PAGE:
Losing a Spouse/Parent

Responsibility for Paying Debts After Death

When a family member dies, what happens to the debts?

Generally, the debt dies with the person who passed away, but is not always the case. The following are taken into consideration before a debt is settled:

  • Was the deceased married?
  • Did others co-sign on loans or was there more than one person on a credit card?
  • What property or finances did the person have when they died?

Generally, the debt dies with the deceased, but there are several exceptions to that rule.  If the deceased dies with sufficient assets for a probate, the probate estate will assume liability for the debts.  Joint debts are another exception.  Anyone who was jointly liable on the account remains responsible for the debt. For example: husband and wife have a credit card account.  If he dies, the wife will be responsible to pay off the balance. 

Secured Debts and Debts that are Jointly Owned

Secured debts are things like mortgages and car loans.  The item being purchased on credit secures the loan.  If you do not pay your car payments, the creditor repossesses the car.  If your mortgage goes into default, you lose the house. For example: Jane, a widow, secured a mortgage and purchased a home. Three years later, she died.  The mortgage does not disappear at her death.  The home loan is an encumbrance on the house.  Her estate or her heirs can opt to sell the house and pay off the loan or keep the house and continue to pay on the mortgage. That holds true with any secured debt. 

Arizona is both a community property and a community debt state.  If debts are contracted during a marriage, both spouses are considered responsible for the debt.  It does not matter whether both names are on the account. If John takes out a credit card in his name alone, and if John is hit by a bus and killed, his wife is left to pay off the credit card debt. It may be a different story if John incurred the debt before the marriage, but so long as it was incurred during the marriage, the surviving spouse is stuck with paying it off.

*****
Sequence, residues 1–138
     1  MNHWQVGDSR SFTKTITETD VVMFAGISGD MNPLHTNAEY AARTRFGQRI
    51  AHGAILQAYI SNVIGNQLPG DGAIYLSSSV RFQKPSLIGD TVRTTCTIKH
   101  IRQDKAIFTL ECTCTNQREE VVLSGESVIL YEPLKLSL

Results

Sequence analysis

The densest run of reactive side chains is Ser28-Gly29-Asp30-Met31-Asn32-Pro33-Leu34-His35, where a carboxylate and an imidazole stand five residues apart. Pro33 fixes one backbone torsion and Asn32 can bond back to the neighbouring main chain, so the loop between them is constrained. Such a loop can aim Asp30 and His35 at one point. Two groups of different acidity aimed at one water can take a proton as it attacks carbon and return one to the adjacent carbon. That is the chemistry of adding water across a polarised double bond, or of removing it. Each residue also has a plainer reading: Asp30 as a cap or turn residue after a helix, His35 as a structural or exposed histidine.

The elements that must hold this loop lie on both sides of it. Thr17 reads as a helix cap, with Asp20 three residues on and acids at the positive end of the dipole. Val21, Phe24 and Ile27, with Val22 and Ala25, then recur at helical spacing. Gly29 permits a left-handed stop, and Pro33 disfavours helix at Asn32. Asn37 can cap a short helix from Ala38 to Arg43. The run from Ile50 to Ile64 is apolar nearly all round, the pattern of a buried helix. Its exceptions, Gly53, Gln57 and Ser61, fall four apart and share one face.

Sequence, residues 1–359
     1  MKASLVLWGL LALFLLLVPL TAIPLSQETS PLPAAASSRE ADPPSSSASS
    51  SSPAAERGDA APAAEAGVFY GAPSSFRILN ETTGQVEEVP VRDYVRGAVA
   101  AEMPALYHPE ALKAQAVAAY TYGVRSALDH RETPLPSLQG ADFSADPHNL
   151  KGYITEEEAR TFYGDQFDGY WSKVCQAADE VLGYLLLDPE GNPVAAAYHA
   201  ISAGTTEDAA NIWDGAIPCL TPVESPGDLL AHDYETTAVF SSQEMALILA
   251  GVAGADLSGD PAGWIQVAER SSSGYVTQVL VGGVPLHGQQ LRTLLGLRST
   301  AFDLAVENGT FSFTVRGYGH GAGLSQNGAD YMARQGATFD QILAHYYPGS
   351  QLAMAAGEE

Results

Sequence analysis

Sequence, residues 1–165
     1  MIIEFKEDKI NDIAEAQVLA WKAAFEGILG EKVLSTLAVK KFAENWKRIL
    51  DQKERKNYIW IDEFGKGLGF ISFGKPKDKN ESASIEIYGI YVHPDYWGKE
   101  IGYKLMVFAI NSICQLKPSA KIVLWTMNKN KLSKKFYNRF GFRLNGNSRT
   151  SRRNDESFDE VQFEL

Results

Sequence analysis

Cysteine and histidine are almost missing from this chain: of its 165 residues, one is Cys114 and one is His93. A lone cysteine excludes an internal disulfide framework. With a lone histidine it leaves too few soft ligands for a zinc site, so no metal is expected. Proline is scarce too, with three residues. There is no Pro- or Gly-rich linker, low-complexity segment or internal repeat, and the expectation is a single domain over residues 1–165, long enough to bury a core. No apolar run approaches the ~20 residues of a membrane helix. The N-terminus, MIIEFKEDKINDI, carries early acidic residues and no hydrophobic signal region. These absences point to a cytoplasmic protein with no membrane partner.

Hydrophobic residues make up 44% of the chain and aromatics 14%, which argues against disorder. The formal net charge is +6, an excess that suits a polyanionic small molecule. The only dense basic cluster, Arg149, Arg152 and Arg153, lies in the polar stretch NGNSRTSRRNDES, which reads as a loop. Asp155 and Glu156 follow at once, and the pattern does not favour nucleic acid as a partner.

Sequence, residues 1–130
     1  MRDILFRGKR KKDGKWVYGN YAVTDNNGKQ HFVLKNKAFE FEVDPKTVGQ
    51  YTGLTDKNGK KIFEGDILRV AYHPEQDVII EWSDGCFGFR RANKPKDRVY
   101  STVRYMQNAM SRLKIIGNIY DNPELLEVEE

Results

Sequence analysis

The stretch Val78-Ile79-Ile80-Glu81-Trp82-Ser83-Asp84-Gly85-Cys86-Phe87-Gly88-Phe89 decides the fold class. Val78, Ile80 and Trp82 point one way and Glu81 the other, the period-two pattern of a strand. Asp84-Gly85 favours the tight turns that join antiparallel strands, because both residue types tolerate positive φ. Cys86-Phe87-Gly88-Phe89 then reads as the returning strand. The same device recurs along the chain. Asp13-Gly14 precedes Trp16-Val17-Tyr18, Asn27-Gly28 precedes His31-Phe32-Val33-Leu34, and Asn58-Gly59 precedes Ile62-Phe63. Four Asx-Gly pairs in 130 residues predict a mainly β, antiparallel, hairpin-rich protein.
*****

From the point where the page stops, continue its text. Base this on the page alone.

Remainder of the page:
The same holds true for other joint debts. If dad co-signs a loan for his son and the son dies, the parent will continue to be responsible on the loan.  If a mother and daughter share a charge account and mom dies, the daughter will be obligated to pay off the balance. The bottom line here – joint obligations are not erased if one of the account signers dies.

Small Estates Transferred by Affidavit

Arizona law allows small estates to be transferred to heirs by affidavit rather than probate.  Arizona Revised Statutes, Section 14-3971.  If the probate estate totals $75,000.00 or less, the affidavit process is sufficient to transfer assets.  My own family history will serve as an example of how it works.  When my mother died in 2013, at the ripe old age of 95, most of her assets were held jointly with either me or with my brother.  When mom sold her house, she put the sale proceeds into several CDs.  My brother was listed as a joint owner of one of the CDs and I was listed on the other.  Her savings’ account was held jointly with my brother.  The only asset listed solely in her name was a second savings’ account containing $46,000.00.  Fortunately, she had no debts. After notifying her pension provider and Social Security of her death, I downloaded the forms and drafted the affidavit.   I used the form on the Arizona Superior Court’s website and had it notarized.  Then, my brother and I proceeded to the bank with our copies of mom’s death certificate and our affidavits.   With the death certificate and affidavit, it was a simple matter to transfer everything into my name and my brother’s name.  We split everything down the middle, just as my mother wanted.